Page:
How to Pick Your Potting Mix

Whether you are potting indoor plants or building outdoor grow boxes, cultivating strong plants is all about creating a healthy growing environment. A good potting mix with the right combination of organic matter and compost will give your plants the foundation they need to thrive. 

We recommend using an organic potting mix instead of potting soil. Potting mixes are engineered using sterile materials, they have fewer nutrients and very little biological activity so you have more control of your growing environment. Compared to soil, potting mixes will retain moisture more effectively while ensuring that there is enough airflow to keep plants from flooding. 

Soil tends to hold more moisture, so in a container it can cause plants to become waterlogged. Potting soil can also introduce weed seeds and insects to your plants. Since raised beds generally have an open bottom, water drainage is typically not an issue. However, topsoil with too much sand won’t hold water well enough, and soil with too much clay will hold excess water. If you are going to use topsoil in your raised beds be sure it contains less than 30% clay, <70% sand and <70% silt. And don’t forget to amend your soil to ensure that it has the proper nutrients to support plant life. 

Sunday Tip: For inground growing, complete a soil test so that you can choose the right amendments and nutrients to cultivate better soil health.

Choosing A Potting Mix

When choosing a potting mix, find a clean, organic potting mix that doesn’t include any harsh chemicals or ingredients like styrofoam or additional fertilizer. 



Adding pollutants like Styrofoam to your growing environment will only pollute the ecosystem. Styrofoam is classified as a Non-Biodegradable Pollutant, and it takes 500 years to decompose. We don’t believe that any non-biodegradable ingredient belongs in your soil. 



We recommend using a fertilizer-free mix so you can control your nutrient inputs on an as needed basis, rather than just relying on whatever happens to be in the mix. Fertilizers can lose their potency over time. There is no telling how long that fertilizer has been sitting or how potent it still is at the point of application. 

Once you make sure that your potting mix has the right ingredients, be sure to grab a bag that is dry and light. Waterlogged potting mixes can rot and diminish in mineral value. In addition to your potting mix, it is best to combine your mix with nutrient rich compost and clean, coarse sand.

How to Get Good Compost

Composting is a perfect way to put organic waste to work for you. Whether you want to start a Vermicompost or a Thermophilic compost, check out these tips to get the most out of your compost.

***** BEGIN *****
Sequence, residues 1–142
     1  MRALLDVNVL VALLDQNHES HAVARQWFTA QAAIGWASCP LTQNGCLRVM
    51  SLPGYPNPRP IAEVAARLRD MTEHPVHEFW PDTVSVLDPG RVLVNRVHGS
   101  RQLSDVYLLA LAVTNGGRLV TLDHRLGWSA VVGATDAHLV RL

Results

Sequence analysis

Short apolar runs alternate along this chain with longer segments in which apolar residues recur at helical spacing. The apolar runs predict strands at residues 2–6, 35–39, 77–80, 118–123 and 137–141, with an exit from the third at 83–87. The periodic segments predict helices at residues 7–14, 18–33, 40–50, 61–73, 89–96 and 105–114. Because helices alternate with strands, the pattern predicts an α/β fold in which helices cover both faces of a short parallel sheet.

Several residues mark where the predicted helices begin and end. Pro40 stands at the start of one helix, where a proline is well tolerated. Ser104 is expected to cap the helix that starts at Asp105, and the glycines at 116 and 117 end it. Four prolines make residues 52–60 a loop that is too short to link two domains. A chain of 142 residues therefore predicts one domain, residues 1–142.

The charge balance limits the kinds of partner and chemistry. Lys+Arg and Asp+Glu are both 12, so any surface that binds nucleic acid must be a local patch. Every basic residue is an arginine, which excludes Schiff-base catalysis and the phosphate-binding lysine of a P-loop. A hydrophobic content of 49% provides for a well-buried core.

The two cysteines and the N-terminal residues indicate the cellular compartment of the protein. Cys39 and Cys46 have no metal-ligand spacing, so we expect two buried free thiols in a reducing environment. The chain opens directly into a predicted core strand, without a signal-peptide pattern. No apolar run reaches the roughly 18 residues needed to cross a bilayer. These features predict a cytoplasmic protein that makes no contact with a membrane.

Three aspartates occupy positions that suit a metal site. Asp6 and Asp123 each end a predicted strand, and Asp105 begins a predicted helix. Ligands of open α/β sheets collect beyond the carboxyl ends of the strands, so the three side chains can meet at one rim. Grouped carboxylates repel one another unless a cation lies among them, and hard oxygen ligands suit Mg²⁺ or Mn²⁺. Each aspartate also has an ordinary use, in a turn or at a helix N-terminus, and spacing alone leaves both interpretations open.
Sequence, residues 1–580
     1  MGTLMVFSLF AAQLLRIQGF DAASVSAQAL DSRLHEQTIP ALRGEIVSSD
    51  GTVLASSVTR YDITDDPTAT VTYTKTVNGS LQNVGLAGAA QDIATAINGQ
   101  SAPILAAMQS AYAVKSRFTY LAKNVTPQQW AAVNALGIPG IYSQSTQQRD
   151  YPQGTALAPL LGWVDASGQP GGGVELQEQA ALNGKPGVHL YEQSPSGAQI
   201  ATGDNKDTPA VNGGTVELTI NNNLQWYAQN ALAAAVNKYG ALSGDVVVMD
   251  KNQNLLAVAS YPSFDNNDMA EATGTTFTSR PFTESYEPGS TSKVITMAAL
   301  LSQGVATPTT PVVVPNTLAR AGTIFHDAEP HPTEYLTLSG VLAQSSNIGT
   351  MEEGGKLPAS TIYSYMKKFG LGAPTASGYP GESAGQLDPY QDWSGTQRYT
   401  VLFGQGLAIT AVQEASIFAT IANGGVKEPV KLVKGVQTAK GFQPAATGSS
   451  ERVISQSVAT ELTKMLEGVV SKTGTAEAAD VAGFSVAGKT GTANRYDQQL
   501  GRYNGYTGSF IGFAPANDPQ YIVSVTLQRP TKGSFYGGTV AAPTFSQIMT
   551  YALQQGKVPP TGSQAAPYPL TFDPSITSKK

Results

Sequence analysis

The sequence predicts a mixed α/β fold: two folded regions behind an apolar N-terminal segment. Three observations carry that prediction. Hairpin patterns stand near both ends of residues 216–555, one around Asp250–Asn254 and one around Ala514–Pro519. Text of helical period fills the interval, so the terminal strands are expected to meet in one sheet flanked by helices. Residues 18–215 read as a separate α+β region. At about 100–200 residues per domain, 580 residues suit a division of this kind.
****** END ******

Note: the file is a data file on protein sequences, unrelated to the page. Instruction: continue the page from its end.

Picking the Right Sand

Sand is a great way to prevent overhydration, add some air to your compost mix and create a strong environment to support your plant growth. We recommend using coarse sand. Overly refined sand will make your mix too dense and prevent air and moisture flow.

Indoor/Outdoor Pots and Planters

For pots, containers and planters combining potting mix with compost for top dressing is ideal. We recommend using 60% coconut coir or potting mix, 20% compost and 20% sand. If you do use coconut coir, be sure to rinse well before adding to your planter or pot. For plants like succulents that don’t require as much water, try upping the sand to 25% or 30% of the overall mix.

Raised Beds

Sometimes for outdoor growing boxes or raised beds, people will utilize bulk topsoil. Unfortunately, the topsoil health is so compromised that in most instances you’ll still need to add compost that is rich with organic matter to replenish the overall soil health. Instead of topsoil, we recommend using the same 60% coconut coir or potting mix, 20% compost and 20% sand in your raised bed to start a thriving growing environment. With an open bottom raised bed, water will drain more freely so you won’t need to be as selective when watering – even if you do use soil. 

With a great foundation of clean soil mix, rich compost and clean sand, you can start a vegetable garden, pot your native plants, and get more growth out of your grow boxes – just add sun and water.

Cited Sources

Erler, E. What is the best soil for potted plants? University of New Hampshire Cooperative Extension.

Smith, T. and D. Cox. Bagged potting mixes and garden soils for home gardeners. University of Massachusetts Amherst.